Year : 2017  |  Volume : 19  |  Issue : 1  |  Page : 72-76

Computed tomographic findings in pedestrians with head trauma in a Nigerian teaching hospital

Department of Radiology, University of Benin Teaching Hospital, Benin City, Edo State, Nigeria

Correspondence Address:
Festus O Ehigiamusoe
Department of Radiology, University of Benin Teaching Hospital, P.M.B. 1111, Benin City, Edo State
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Source of Support: None, Conflict of Interest: None

DOI: 10.4103/jomt.jomt_52_16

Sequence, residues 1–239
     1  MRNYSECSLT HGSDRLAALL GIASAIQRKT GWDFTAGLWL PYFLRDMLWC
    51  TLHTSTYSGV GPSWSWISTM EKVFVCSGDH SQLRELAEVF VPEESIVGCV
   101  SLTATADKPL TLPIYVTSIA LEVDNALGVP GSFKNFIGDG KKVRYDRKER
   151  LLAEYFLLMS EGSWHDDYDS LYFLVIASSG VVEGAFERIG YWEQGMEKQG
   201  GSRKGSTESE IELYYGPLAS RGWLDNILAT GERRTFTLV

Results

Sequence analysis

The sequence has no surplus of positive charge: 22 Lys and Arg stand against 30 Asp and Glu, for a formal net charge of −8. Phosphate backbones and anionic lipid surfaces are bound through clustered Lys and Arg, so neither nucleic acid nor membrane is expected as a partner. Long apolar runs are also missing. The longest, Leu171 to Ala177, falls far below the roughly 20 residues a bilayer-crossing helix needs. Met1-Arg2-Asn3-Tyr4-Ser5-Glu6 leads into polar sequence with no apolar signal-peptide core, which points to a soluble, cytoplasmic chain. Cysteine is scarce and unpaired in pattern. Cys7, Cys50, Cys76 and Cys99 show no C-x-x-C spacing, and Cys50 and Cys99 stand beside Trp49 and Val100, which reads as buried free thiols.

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Background: To describe the computed tomographic findings in pedestrians, who presented with head trauma at the University of Benin Teaching Hospital (UBTH). Materials and Methods: This was a descriptive, retrospective study conducted at the UBTH from January 2011 to January 2014 involving 103 pedestrians with suspected intracranial injury following head trauma, who presented for computed tomography (CT). The CT findings, Glasgow coma scale (GCS) score as well as the demographic details of the patients were analysed using the Statistical Package for the Social Sciences version 16 software. Results: A total of 103 patients were reviewed, which comprised 69 males (67.0%) and 34 females (33.0%) with a male-to-female ratio of 2:1. Patients 10 years and below had the highest incidence, whereas the least incidence was recorded in those above 80 years. The mean age was 30.59 ± 2.07 years and 38.55 ± 2.93 years for males and females, respectively. Motor car collision (60.2%) was the most common mode of injury. The findings on computed tomographic scan were intracerebral haemorrhage 23.8%, cerebral contusion 18.0%, subdural haematoma 10.5%, subarachnoid haematoma 7.6% and extradural haematoma 2.9%. Others were calvarial fracture 15.1%, facial fractures 6.4% and base of skull fracture 4.7%. Only one case of diffuse axonal injury was reported. On the basis of the admission GCS, 33 patients had severe head injury, 30 patients had moderate head injury while mild head injury was observed in 15 patients. Normal GCS was observed in 25 patients. Conclusion: CT is a useful tool in the management of pedestrians with head trauma in the acute setting.

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